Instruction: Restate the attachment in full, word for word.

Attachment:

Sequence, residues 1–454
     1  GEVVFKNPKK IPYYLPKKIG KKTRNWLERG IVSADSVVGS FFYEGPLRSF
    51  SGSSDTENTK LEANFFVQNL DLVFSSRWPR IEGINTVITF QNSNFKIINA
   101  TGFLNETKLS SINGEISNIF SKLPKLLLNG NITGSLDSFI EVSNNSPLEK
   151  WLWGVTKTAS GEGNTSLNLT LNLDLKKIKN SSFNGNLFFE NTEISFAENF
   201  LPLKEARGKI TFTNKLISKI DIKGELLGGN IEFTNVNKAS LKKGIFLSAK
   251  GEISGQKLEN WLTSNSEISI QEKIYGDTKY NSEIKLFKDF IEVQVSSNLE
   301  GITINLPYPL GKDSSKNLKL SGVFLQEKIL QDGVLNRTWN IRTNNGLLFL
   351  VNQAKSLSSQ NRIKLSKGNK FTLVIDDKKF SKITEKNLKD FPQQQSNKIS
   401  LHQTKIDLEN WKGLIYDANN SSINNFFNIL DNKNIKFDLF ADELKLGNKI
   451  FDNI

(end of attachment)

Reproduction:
Sequence, residues 1–454
     1  GEVVFKNPKK IPYYLPKKIG KKTRNWLERG IVSADSVVGS FFYEGPLRSF
    51  SGSSDTENTK LEANFFVQNL DLVFSSRWPR IEGINTVITF QNSNFKIINA
   101  TGFLNETKLS SINGEISNIF SKLPKLLLNG NITGSLDSFI EVSNNSPLEK
   151  WLWGVTKTAS GEGNTSLNLT LNLDLKKIKN SSFNGNLFFE NTEISFAENF
   201  LPLKEARGKI TFTNKLISKI DIKGELLGGN IEFTNVNKAS LKKGIFLSAK
   251  GEISGQKLEN WLTSNSEISI QEKIYGDTKY NSEIKLFKDF IEVQVSSNLE
   301  GITINLPYPL GKDSSKNLKL SGVFLQEKIL QDGVLNRTWN IRTNNGLLFL
   351  VNQAKSLSSQ NRIKLSKGNK FTLVIDDKKF SKITEKNLKD FPQQQSNKIS
   401  LHQTKIDLEN WKGLIYDANN SSINNFFNIL DNKNIKFDLF ADELKLGNKI
   451  FDNI